File:Giant Panda 2004-03-2.jpg
File:Giant Panda 2004-03-2.jpg
The Giant Panda is a mammal native to central-western and south western China. The Giant Panda is a member of the Ursidae (bear) family. It is easily recognized by its large, distinctive black patches around the eyes, over the ears, and across its round body. Though belonging to the order Carnivora, the Giant Panda has a diet which is 99% bamboo. The Giant Panda may eat other foods such as honey, eggs, fish, yams, shrub leaves, oranges, and bananas when available.
The Giant Panda lives in a few mountain ranges in central China, mainly in Sichuan, but also in the Shaanxi and Gansu provinces. Due to farming, forest clearing, and other development, the Giant Panda has been driven out of the lowland areas where it once lived.
The Giant Panda is a conservation reliant endangered species. According to the latest report, China has 239 Giant Pandas in captivity and another 27 living outside the country. It also estimated that around 1,590 pandas are currently living in the wild. However, a 2006 study, via DNA analysis, estimated that there might be as many as 2,000 to 3,000 Giant Pandas in the wild. Though reports show that the numbers of wild pandas are on the rise, the International Union for Conservation of Nature believes there is not enough certainty to remove the Giant Panda from the endangered animal list.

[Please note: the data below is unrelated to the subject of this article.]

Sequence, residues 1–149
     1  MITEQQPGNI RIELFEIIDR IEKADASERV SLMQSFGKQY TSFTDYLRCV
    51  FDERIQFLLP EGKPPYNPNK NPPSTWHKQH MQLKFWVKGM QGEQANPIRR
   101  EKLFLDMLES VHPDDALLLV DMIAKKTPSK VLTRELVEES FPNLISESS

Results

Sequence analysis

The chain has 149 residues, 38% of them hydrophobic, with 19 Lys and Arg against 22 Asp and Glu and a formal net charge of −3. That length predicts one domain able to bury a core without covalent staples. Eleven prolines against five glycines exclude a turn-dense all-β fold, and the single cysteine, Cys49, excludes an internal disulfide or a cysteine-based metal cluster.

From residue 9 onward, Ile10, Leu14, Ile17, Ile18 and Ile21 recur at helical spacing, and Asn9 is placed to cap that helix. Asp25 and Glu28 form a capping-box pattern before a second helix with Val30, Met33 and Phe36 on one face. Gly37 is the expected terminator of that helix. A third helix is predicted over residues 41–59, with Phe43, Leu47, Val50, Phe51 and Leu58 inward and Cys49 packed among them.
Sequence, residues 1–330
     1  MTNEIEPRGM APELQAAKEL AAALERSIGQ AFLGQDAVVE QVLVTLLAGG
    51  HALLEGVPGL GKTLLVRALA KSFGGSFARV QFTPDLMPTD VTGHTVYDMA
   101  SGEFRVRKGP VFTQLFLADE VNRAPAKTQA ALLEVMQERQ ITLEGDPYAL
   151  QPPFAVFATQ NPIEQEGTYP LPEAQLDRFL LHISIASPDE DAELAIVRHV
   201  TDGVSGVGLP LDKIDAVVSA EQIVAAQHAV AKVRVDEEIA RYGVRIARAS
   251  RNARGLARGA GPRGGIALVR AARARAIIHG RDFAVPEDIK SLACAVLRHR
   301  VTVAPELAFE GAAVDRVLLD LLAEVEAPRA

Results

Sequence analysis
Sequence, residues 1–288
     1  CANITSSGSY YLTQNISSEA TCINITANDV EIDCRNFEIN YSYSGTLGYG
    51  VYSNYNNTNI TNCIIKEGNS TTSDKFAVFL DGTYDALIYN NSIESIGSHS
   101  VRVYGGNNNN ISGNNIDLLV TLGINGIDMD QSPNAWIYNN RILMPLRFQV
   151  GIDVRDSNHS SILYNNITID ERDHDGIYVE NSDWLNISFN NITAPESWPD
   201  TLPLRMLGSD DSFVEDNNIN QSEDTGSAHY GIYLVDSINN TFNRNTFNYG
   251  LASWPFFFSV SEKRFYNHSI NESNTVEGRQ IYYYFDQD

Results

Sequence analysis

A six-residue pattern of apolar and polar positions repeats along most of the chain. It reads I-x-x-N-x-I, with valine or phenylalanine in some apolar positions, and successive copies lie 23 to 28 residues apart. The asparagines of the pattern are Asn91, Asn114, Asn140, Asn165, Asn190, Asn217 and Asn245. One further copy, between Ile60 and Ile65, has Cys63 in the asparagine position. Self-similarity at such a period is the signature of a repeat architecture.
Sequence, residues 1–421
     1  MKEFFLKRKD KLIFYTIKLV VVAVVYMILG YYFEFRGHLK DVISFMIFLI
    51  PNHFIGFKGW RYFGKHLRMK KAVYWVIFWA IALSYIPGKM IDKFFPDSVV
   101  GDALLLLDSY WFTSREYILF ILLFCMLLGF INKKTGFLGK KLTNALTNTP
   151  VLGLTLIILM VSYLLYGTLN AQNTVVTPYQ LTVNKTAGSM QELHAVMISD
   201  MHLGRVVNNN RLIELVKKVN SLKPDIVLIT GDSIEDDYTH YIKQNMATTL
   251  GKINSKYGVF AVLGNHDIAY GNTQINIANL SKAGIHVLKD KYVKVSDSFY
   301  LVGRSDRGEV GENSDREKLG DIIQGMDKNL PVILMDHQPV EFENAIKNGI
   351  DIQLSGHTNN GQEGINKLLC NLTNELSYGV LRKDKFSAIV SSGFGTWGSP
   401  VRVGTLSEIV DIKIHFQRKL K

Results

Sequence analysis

Why are Pandas endangered?

external image burning_forest_540x270.jpgPandas are dying out mainly because of one main reason: habitat loss. Their main source of food is bamboo, which takes a long time to grow. This problem wasn't present when pandas were spread throughout the massive south-east of Asia, including China. Hence, when a forest of bamboo was being consumed by them, they could simply move to another bamboo forest, but the supply grew harder to find or reach.
Industrialization needs people to clear off these ranges or lands for factories and agriculture. Hence, bamboo forests in Asia started a to decline tremendously. Wild pandas have been reported to die because of starvation simply becuase they cannot reach the next bamboo forest in time.
File:Mapa distribuicao Ailuropoda melanoleuca.png
File:Mapa distribuicao Ailuropoda melanoleuca.png

Pandas, too, are picky regarding their mate. But an even larger problem than the male panda's selectiveness is, females are only fertile in the reproductive cycle or mating period for about 5 days. It means that the chances of pandas mating succesfully are slim. What's more, there are a lot less pandas surviving in the world.
Pandas are endangered because they are getting hunted by people who are killing off these animals without knowing that they are endangered and have no concerns, or cares towards the balance and well-being of the eco-system.
Additional Info: The Panda is a specialized species and that creates a level of strain that is sensitive to any outside pressures and can quickly endanger the species continued survival. The panda's requirments are very restrictive, for example their diet; they really only eat bamboo, and in such quantities that it requires large bamboo forests, with dense undergrowth to support them. They can now only be found in south-china. The "specialists" of the animal kingdom are in a way "pre-disposed" toward endangerment, and need to be watched or monitored closely when they come into contact.